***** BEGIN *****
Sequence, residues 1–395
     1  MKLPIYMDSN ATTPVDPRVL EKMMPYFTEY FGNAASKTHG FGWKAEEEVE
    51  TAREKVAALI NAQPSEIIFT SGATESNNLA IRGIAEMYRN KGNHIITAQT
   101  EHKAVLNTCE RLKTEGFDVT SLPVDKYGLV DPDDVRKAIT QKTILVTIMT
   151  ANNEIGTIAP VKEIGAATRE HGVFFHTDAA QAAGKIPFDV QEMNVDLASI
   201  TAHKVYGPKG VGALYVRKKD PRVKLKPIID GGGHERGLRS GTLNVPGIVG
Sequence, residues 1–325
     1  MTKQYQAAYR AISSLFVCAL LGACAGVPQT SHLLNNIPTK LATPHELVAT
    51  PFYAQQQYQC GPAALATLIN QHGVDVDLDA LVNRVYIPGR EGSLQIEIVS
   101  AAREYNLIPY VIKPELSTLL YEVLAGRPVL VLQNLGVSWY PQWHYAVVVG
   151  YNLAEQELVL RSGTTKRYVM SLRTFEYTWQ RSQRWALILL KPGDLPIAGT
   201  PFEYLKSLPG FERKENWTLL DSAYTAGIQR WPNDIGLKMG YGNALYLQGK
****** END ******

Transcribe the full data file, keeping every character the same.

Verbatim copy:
Sequence, residues 1–395
     1  MKLPIYMDSN ATTPVDPRVL EKMMPYFTEY FGNAASKTHG FGWKAEEEVE
    51  TAREKVAALI NAQPSEIIFT SGATESNNLA IRGIAEMYRN KGNHIITAQT
   101  EHKAVLNTCE RLKTEGFDVT SLPVDKYGLV DPDDVRKAIT QKTILVTIMT
   151  ANNEIGTIAP VKEIGAATRE HGVFFHTDAA QAAGKIPFDV QEMNVDLASI
   201  TAHKVYGPKG VGALYVRKKD PRVKLKPIID GGGHERGLRS GTLNVPGIVG
Sequence, residues 1–325
     1  MTKQYQAAYR AISSLFVCAL LGACAGVPQT SHLLNNIPTK LATPHELVAT
    51  PFYAQQQYQC GPAALATLIN QHGVDVDLDA LVNRVYIPGR EGSLQIEIVS
   101  AAREYNLIPY VIKPELSTLL YEVLAGRPVL VLQNLGVSWY PQWHYAVVVG
   151  YNLAEQELVL RSGTTKRYVM SLRTFEYTWQ RSQRWALILL KPGDLPIAGT
   201  PFEYLKSLPG FERKENWTLL DSAYTAGIQR WPNDIGLKMG YGNALYLQGK